Docs

Bunim/Murray moves into cap ‘D’ documentaries

Bunim/Murray Productions, the company behind 20 years of The Real World, is taking on a whole new realm in the non-fiction genre with its new documentary unit. Best known for ushering in the reality genre, BMP's has unleashed its first doc, Autism: the Musical, on the festival circuit.
January 1, 2008

Bunim/Murray Productions, the company behind 20 years of The Real World, is taking on a whole new realm in the non-fiction genre with its new documentary unit. Best known for ushering in the reality genre, BMP’s has unleashed its first doc, Autism: the Musical, on the festival circuit.

As VP of creative affairs, Sasha Alpert oversees both casting of reality at BMP and the documentary unit. The move from reality to pure docs wasn’t daunting to a company well-prepared to deal with hours of non-fiction footage. ‘Having many cutting rooms available, having a music department, having a legal department, [all this] makes it incredibly easy for an independent documentary maker to come in and have things taken care of that can absolutely paralyze you if you don’t have easy access and money for them,’ says Alpert.

The first film able to use these departments came to BMP completely by chance. Halfway through filming a group of autistic children who create and perform a musical, the producers ran out of money. Autism‘s executive producer was Alpert’s friend, and contacted her, just as Alpert was looking for a project. The stars aligned and it became the first film for BMP’s doc unit.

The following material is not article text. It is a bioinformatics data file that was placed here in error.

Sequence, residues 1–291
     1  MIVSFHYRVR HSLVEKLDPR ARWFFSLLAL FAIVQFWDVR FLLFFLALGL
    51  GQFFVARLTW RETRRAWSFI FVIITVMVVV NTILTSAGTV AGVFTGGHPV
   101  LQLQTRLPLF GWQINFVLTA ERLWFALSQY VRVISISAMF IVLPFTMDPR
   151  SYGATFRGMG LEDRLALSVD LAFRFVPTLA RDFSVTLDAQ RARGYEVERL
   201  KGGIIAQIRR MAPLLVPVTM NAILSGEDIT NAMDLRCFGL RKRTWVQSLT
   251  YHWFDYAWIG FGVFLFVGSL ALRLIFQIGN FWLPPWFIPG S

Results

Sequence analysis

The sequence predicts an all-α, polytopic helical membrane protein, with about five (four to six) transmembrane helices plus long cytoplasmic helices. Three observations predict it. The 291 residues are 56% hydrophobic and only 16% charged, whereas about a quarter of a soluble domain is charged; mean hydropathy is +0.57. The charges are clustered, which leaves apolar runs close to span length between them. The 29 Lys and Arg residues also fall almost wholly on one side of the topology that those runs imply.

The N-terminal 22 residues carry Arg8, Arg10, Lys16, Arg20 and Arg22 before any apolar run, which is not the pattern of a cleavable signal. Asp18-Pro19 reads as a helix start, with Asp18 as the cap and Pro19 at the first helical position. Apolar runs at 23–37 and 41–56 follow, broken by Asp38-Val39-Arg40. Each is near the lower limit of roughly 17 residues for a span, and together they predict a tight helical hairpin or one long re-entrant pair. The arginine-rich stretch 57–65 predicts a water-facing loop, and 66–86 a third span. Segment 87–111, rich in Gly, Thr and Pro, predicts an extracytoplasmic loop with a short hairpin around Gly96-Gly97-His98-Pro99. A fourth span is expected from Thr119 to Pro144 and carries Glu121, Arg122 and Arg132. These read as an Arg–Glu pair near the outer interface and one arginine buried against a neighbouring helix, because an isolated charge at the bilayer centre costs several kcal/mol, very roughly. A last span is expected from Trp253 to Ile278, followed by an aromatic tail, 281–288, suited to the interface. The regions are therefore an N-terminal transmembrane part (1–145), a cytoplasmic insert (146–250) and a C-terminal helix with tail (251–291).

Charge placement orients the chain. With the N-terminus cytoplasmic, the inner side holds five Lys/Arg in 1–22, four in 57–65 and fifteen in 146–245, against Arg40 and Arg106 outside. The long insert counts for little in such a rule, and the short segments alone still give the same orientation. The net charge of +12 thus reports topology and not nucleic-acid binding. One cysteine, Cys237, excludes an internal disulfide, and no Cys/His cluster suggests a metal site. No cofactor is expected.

The film, which was directed by Tricia Regan, has had success premiering at Tribeca, and has screened in 14 cities. It’s been held over for weeks in both Boston and San Francisco, all from word-of-mouth publicity. HBO has picked up the film. ‘It has surprising legs in terms of its theatrical life because it had no publicity budget and yet it went out there and sold theaters,’ says Alpert.

But this success isn’t all chalked up to the experienced prodco behind the film, says Alpert. ‘It’s a film with tremendous hope and humanity. The kids in it are so lovable that you just fall in love with them and I think it’s helped a lot of people understand what autism is because it’s such an amorphous title that it’s something you have to watch and live to understand.’

With BMP’s first film complete and set to air on HBO in April, Alpert is keeping an eye out for other great character-driven stories with which she can get involved.

About The Author
Selina Chignall joins the realscreen team as a staff writer. Prior to working with rs, she covered lobbying activity at Hill Times Publishing. She also spent a year covering the Hill as a journalist with iPolitics. Her beat focused on youth, education, democratic reform, innovation and infrastructure. She holds a Master of Arts in Journalism from Western University and a Honours Bachelor of Arts from the University of Toronto.

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